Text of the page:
Your! Call: Who deserves credit for the Leafs' 2013 success?

Shane McNeil,
3/8/2013 3:07:32 PM
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It's been an intriguing time of transition in Toronto.

In the span of just under two months, the Maple Leafs have gone from a team scrambling for an identity as the Dave Nonis era officially began to a solid playoff contender within reach of the top spot in the Eastern Conference.

The Leafs' play thus far in 2013 has been consistent: The team has not lost back-to-back games in over a month and has not lost more than two in a row all season.

The Leafs have also avoided leaving points on the table as one of only two NHL teams without an overtime loss and one of only three to have not participated in a shootout this season.

So, who deserves the credit?

Brian Burke, speaking at the annual Conn Smythe dinner to support Easter Seals Thursday night, took a good chunk of the credit for himself.

"Sometimes you do the hard work and set the table and somebody else eats the meal," Burke said in a candid speech.

It's true that – aside from waiver addition Frazer McLaren – every member of the current Leafs squad was acquired by or is playing on a contract they signed with Brian Burke.

The team's top five scorers include one draft pick (Nazem Kadri), three trade acquisitions (Phil Kessel, James van Riemsdyk and Cody Franson) and one free agent (Tyler Bozak) all acquired by Burke.

But how much credit does Burke deserve?

Dave Nonis was in charge when it came time to select the 2013 team and coach Randy Carlyle certainly had some say.

The decision to play the likes of Kadri and Matt Frattin (when healthy) over under-performing forwards like Tim Connolly and Matthew Lombardi – who were waived and traded, respectively – was Nonis' call.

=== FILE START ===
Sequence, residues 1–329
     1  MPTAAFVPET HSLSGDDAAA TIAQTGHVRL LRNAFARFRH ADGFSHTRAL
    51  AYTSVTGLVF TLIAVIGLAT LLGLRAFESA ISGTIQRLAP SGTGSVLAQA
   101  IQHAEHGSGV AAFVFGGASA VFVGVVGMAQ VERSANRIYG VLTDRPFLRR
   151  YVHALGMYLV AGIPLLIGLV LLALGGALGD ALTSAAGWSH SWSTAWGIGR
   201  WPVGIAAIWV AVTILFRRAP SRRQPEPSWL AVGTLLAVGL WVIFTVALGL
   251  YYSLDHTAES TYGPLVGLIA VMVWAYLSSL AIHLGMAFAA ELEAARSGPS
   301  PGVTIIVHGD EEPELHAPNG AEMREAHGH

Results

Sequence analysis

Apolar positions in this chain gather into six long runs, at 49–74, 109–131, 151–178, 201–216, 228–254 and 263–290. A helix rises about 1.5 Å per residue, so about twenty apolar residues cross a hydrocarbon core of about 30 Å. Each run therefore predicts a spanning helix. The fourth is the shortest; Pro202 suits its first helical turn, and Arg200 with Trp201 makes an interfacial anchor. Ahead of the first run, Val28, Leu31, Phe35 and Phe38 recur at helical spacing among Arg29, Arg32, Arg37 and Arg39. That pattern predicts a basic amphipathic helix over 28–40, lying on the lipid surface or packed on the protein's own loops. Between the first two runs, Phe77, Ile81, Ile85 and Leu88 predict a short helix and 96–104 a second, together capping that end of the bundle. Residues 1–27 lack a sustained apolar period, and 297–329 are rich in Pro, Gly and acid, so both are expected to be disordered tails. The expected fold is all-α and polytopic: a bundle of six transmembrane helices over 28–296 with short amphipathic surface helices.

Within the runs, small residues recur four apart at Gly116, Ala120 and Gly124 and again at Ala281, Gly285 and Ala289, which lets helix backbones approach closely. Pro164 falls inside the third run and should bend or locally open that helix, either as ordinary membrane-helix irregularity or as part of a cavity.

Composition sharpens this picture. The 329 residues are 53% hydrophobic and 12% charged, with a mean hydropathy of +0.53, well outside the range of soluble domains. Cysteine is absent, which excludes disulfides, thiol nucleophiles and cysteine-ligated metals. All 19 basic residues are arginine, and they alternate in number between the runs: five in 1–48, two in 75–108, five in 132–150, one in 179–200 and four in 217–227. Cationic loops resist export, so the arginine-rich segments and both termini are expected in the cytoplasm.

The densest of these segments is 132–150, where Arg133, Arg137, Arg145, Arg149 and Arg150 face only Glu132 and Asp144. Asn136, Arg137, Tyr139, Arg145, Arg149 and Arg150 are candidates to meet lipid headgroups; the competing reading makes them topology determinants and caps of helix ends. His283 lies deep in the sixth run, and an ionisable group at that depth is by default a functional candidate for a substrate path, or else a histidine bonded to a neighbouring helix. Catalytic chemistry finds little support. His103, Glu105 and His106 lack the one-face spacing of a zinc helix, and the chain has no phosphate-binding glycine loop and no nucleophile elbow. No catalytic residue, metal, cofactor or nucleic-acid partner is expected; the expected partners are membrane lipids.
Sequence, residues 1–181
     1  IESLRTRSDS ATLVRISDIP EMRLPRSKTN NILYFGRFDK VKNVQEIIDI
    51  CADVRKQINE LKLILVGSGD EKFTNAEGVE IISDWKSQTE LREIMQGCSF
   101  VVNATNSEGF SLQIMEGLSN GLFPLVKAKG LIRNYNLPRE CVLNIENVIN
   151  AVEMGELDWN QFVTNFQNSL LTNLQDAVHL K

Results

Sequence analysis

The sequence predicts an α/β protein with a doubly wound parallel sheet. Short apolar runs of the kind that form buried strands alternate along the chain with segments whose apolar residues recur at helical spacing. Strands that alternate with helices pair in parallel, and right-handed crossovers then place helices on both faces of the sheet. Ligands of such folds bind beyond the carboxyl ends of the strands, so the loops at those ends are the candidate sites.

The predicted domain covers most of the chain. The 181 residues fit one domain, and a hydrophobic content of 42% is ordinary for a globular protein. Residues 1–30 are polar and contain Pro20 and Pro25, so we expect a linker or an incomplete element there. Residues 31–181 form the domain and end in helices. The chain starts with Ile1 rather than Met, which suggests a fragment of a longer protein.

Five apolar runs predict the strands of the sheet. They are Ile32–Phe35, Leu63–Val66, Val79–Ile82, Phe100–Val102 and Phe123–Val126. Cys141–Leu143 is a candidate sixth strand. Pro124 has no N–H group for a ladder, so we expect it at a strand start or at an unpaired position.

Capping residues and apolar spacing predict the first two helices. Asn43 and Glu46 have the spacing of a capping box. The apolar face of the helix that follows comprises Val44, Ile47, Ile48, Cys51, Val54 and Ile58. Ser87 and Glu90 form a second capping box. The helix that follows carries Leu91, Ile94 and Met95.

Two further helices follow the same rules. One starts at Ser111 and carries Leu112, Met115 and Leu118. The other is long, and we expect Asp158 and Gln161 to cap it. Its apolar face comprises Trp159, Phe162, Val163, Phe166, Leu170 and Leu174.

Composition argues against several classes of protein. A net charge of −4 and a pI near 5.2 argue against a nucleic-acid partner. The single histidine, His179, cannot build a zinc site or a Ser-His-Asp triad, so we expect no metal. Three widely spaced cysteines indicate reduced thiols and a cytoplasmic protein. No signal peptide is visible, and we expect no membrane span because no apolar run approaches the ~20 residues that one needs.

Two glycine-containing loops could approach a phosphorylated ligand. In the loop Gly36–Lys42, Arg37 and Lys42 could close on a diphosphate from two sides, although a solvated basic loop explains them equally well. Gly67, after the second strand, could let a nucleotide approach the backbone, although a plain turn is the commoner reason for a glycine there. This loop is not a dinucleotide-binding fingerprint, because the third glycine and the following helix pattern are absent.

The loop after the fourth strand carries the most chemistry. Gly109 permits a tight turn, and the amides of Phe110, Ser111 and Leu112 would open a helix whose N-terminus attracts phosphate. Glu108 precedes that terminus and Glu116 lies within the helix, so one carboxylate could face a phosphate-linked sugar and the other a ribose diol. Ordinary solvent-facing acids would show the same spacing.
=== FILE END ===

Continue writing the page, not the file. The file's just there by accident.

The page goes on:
The team has enjoyed somewhat of a make-over this year with character additions from the American Hockey League.

Six players from Thursday night's line-up have logged games for the Toronto Marlies this season, including defencemen Mike Kostka, Mark Fraser and Korbinian Holzer in addition to Kadri, Leo Komarov, and Ben Scrivens.

Trusting those three former AHL defencemen for 15-plus minutes per night over established vets like John-Michael Liles and Mike Komisarek was another decision not made by Burke.

Another man who should not be overlooked for the success the Leafs are currently enjoying is Burke's predecessor, John Ferguson Jr.

Though much-maligned by fans during his tenure for player personnel decisions at the pro level, his fingerprints are still evident on the 2013 Leafs.

Seven members of the Leafs' current roster were drafted by the club.

Of those seven players, six were drafted by Ferguson: Nikolai Kulemin, James Reimer, Holzer and Komarov in 2006, Frattin and Carl Gunnarsson in 2007.

Only one member of the current Leafs squad – Kadri - was drafted by Burke, despite having helmed the club's last four drafts.

Again, many of the Ferguson picks were signed or re-signed by Burke but not every GM possesses the ability to draft multiple everyday players out of the same draft, especially when looking outside the first round.

Or is it Carlyle's influence?

The team has burned through two head coaches since its last playoff appearance in 2004 and while there is still plenty of schedule left before the 2013 Stanley Cup playoffs begin, the season is more than halfway done and the Leafs are in good shape.

It is Carlyle that is putting the liens together and allotting ice time and he deserves plenty of credit for getting the most out of a cast of call-ups, as well as having players like van Riemsdyk and Franson on-pace for career years despite the shortened schedule.

So, is Burke right? Did he set the table for Nonis to succeed? Or, have the efforts of the men that preceded him and followed in his footsteps been overlooked?

Who really deserves the credit for the Leafs' 2013 success thus far?

As always, it's Your! Call.

Brian Burke, David Nonis (Photo: Graig Abel/NHLI via Getty Images)


(Photo: Graig Abel/NHLI via Getty Images)
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